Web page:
One Perfect Sentence?

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Write one perfect sentence, they ask, and I think: who determines what perfection is?

The nautilus, with its saltwater-born concentric spirals that echo the golden ratio may be a perfect crustacean… but that doesn’t mean this sentence is perfect.

Personally, I think a perfect sentence would be: Cheesecake has no calories.

But then I’d have to ask myself: does that fact that such a sentence expresses an untruth render it imperfect by default?

One perfect sentence…

Maybe it should have seventeen syllables, all stretched  out in a line like Hemingway wrote for warm-ups. “American sentences,” he called them. But while his work was wonderful, he himself was a horrible person, so maybe that makes him incapable of perfection? Or even of inspiring it?

Rain dancing across the deck sent small creatures scurrying for shelter.

I think that’s more charming than perfect, myself.

Or even cute.

It is a fact that as humanity has colonized other worlds, and formed communities on worlds with existing populations, their favorite food has spread into space with them, to the point that every world with a significant human population has at least one decent Chinese restaurant.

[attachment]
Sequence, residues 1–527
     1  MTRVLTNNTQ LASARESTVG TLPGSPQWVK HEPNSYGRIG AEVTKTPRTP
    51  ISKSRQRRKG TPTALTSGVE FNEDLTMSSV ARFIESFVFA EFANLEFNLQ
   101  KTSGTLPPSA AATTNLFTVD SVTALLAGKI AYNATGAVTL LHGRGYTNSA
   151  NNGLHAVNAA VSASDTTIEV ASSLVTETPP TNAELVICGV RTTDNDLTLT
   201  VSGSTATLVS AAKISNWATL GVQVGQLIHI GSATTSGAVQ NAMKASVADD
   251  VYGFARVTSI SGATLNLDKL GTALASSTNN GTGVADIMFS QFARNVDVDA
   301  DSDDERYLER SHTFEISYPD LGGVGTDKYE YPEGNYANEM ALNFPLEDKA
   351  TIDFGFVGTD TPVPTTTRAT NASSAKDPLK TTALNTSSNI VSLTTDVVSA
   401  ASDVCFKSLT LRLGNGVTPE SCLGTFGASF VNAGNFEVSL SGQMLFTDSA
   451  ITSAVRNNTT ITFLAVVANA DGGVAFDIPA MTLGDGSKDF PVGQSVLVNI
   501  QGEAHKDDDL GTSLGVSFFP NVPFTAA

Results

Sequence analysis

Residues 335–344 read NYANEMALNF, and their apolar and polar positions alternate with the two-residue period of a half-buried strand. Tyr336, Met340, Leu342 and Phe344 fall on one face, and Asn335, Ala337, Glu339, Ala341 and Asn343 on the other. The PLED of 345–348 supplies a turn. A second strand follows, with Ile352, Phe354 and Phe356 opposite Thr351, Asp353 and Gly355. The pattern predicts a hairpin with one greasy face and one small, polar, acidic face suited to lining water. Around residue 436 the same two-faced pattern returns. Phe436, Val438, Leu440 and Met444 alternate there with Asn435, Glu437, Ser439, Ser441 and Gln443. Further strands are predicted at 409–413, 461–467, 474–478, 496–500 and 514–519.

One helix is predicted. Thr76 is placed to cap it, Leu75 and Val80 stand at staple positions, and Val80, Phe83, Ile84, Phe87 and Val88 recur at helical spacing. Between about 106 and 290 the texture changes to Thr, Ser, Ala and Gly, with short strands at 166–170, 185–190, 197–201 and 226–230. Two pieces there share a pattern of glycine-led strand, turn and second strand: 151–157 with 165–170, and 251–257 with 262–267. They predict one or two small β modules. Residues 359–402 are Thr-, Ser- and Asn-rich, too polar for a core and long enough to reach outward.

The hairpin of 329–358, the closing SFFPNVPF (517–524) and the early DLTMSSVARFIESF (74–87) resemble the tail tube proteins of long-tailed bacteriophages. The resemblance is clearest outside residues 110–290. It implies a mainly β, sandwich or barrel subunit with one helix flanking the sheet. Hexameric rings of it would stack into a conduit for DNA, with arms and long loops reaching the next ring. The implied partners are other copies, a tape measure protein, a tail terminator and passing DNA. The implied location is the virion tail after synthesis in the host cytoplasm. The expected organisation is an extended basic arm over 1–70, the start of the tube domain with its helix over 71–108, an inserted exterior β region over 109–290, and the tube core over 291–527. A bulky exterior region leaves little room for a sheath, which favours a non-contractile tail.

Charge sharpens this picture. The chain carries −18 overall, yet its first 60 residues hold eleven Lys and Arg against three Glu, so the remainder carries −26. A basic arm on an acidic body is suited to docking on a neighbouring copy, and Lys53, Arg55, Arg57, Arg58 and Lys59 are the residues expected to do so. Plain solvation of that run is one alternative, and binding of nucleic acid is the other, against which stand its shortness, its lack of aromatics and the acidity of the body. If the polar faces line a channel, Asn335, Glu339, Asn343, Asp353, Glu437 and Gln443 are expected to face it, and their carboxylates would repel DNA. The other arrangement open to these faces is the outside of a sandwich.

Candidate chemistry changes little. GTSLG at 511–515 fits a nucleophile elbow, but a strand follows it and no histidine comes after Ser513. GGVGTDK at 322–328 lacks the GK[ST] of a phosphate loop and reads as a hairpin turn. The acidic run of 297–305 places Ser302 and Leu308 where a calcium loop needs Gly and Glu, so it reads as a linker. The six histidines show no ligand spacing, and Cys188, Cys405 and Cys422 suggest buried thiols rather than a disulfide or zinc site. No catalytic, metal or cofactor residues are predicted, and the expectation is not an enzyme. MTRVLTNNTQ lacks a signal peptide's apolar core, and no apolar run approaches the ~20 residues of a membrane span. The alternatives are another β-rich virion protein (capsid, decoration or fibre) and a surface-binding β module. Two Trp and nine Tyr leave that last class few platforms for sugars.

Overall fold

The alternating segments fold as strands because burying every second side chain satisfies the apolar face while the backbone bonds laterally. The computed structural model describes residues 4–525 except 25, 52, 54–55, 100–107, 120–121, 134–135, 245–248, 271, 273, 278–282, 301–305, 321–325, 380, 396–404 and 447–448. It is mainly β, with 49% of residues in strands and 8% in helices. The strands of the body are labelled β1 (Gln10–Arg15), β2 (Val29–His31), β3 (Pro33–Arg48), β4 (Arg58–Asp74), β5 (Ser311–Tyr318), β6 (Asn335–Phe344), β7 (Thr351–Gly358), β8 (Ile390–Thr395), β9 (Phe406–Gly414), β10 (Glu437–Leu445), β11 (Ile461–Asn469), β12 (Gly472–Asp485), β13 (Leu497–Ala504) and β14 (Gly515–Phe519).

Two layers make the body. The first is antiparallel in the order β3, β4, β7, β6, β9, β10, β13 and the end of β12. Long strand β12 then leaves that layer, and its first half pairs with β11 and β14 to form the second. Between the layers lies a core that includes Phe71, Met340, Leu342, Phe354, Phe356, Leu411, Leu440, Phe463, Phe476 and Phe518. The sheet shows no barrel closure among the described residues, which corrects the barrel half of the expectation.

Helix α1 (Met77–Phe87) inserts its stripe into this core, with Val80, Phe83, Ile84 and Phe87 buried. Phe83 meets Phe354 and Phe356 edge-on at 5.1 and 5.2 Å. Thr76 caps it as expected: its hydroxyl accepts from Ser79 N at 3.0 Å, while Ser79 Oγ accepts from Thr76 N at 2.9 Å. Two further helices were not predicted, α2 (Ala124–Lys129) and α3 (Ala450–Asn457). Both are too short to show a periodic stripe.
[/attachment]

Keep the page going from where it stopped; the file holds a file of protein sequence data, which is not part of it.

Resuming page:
There. That’s perfection. At least to me.

Notes: For day 7 of The Literal Challenge‘s “Covid’s Metamorphosis” project. I’m woefully behind.

Photo by Nick Morrison on Unsplash

CC BY-NC-ND 4.0 One Perfect Sentence? by Melissa Bartell is licensed under a Creative Commons Attribution-NonCommercial-NoDerivatives 4.0 International License.

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  1. Pingback: TBM-2004.20 – One Perfect Sentence? | The Bathtub Mermaid

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